For the residents nearest the project, Robinson said he will increase an earthen berm and plant more spruce trees as a noise and visual buffer.
The proposal also meets and addresses all of the 11 zoning criteria used to evaluate projects, Robinson said.
One of the criteria is whether the new zoning is in accordance with Yellowstone County’s 2008 Growth Policy.
A planning staff analysis said the zone change would allow for overall zoning that is “consistent and should remain consistent with the adjacent neighborhood character.”
The proposed zoning, the analysis continued, will allow additional uses on the property that “take advantage of the existing development and its connection to agricultural uses.”
The surrounding area is a mix of agricultural uses and low-density residential subdivisions.
Zoning Coordinator Nicole Cromwell, who presented the proposed zone change to the commission, said the planning staff found the proposal was compatible and conformed to the county’s growth policy and recommended approval.
The county zoning commission held a public hearing on Dec. 11 and voted 2-2 on a motion to approve the project. The tie vote meant the zoning commission had no recommendation for county commissioners, Cromwell said.
The proposal had strong support at the commissioners' public hearing.
Al Blain, co-owner with his brother Gary, of Billings Flying Service, a helicopter service, has worked with Robinson and said that Robinson will have “a first-class facility.”
Gary Blain also supported the zone change, saying the project, along with schools and amenities like bike trails, is what makes the Billings community attractive to job seekers.
The Blains, who went through a controversial county zone change when they moved and expanded their business to a new location next to the Billings Logan International Airport, have added 75 more jobs with their expansion, Gary Blain said.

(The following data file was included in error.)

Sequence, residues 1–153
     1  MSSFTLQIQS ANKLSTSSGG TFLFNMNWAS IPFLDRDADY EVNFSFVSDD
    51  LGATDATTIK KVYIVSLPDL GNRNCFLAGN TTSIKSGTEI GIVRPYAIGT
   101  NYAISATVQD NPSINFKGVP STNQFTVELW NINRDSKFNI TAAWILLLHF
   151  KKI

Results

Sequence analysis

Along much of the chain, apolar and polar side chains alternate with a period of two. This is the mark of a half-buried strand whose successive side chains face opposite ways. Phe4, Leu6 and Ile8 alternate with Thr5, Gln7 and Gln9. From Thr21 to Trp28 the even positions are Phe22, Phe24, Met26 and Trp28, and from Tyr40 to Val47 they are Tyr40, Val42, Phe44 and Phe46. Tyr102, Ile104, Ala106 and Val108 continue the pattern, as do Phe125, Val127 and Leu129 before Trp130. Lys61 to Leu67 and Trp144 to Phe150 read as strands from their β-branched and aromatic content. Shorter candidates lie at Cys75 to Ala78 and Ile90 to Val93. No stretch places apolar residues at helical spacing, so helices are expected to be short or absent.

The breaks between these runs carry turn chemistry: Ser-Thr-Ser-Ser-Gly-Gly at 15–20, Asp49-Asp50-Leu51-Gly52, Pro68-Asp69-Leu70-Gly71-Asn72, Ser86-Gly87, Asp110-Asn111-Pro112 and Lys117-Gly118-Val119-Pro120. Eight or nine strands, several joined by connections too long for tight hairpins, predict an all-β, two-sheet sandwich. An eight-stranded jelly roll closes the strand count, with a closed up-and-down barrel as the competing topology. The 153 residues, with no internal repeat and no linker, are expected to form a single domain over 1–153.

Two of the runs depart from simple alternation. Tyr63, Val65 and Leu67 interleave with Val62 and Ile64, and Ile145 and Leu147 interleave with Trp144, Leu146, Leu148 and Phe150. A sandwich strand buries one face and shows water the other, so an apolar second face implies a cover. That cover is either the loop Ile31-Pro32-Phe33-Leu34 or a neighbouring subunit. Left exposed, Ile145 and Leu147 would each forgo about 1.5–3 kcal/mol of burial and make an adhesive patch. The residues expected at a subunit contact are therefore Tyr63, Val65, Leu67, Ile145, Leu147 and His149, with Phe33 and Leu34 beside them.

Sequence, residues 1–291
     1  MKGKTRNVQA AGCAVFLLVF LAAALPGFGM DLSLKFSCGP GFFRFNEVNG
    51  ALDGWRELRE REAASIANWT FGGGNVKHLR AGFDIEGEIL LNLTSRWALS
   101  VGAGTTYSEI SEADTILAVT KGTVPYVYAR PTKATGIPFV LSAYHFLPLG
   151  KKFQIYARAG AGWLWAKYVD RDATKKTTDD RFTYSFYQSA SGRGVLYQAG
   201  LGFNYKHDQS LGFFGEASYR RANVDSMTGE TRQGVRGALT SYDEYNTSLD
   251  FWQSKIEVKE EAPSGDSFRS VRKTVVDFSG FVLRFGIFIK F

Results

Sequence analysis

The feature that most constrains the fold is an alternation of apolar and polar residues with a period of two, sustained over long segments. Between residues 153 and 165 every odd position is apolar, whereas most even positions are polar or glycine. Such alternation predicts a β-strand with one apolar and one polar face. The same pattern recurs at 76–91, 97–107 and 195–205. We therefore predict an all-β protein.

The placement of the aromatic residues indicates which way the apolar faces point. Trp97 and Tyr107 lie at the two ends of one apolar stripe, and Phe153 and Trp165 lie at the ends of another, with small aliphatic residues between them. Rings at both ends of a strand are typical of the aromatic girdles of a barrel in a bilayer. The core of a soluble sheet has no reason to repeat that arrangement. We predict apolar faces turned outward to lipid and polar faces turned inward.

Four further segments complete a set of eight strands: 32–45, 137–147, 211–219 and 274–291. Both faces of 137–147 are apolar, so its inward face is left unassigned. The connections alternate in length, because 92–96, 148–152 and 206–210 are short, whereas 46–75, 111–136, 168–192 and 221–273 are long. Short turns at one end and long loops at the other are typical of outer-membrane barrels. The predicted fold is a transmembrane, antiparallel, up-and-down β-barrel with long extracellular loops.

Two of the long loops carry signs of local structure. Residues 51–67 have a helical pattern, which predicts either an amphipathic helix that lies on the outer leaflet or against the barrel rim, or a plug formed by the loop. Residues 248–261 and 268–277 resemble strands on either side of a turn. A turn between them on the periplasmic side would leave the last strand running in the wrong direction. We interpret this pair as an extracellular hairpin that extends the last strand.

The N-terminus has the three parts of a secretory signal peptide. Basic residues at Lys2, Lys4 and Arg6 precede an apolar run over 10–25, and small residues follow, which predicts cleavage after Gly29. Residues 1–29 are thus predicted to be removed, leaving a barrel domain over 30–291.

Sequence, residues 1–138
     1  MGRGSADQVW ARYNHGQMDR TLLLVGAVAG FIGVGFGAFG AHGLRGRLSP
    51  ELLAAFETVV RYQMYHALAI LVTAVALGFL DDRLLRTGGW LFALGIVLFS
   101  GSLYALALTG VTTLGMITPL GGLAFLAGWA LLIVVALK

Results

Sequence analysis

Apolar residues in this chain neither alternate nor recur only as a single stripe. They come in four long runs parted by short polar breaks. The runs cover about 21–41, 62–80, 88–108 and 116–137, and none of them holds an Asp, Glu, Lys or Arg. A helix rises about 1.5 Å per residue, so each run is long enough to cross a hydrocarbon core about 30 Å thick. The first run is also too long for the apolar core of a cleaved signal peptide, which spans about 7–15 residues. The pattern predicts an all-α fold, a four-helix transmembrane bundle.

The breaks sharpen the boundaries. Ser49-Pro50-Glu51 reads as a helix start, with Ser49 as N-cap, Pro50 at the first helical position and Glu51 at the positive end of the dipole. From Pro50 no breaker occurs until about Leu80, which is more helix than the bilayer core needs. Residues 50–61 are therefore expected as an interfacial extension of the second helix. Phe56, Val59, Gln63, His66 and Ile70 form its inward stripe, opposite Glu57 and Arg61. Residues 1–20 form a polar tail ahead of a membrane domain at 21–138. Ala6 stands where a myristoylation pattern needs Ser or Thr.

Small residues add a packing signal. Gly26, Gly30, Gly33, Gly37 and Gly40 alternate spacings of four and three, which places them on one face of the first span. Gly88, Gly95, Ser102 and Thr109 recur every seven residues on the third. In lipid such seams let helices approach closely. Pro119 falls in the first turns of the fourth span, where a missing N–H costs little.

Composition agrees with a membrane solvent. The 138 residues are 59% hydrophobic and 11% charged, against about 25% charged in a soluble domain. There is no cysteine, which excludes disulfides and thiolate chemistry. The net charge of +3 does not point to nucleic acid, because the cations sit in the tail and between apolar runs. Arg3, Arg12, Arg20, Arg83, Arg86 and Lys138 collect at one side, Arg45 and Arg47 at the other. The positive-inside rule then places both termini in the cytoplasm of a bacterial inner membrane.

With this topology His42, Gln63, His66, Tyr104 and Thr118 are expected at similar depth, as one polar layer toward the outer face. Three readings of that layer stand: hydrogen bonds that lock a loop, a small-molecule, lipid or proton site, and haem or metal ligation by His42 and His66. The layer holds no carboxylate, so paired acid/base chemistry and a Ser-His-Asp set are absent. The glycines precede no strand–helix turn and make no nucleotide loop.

Patrick Landry, who said he’s in the 21-to-35-year-old demographic, a student and has a job with the Dawsons, said a taproom is more of a cultural meeting place, not a bar.
Kristi Drake, executive director of Billings TrailNet, said, “I’m so for this. It’s a no-brainer to me.” She called Robinson “a classy operator” and the project will enhance Billings and its economy.
Clint Peck, owner of Yellowstone Cellars and Winery, also backed the proposal, calling it an “absolutely good addition” to the community.
Big Sky Economic Development Director Steve Arveschoug also spoke in favor of the project, saying the agency’s small business development center worked with the Dawsons in 2015 to help them launch Thirsty Street. He called the Dawsons “a very good team” and that both Thirsty Street and Canyon Creek Nursery are successful businesses.
The microbrewery sector attracts tourists, Arveschoug said.
The only opposition came from Rick Larson, who has lived in the area for 20 years. “It’s hard to say no. Everything they’ve done has been fantastic,” he said.
The project will change the usage of area, which is mostly residential, and affect the local residents, Larson said.
Despite his opposition, Larson said he’ll probably go have a beer.
“I wish them all the luck in the world, whatever you decide,” he told commissioners.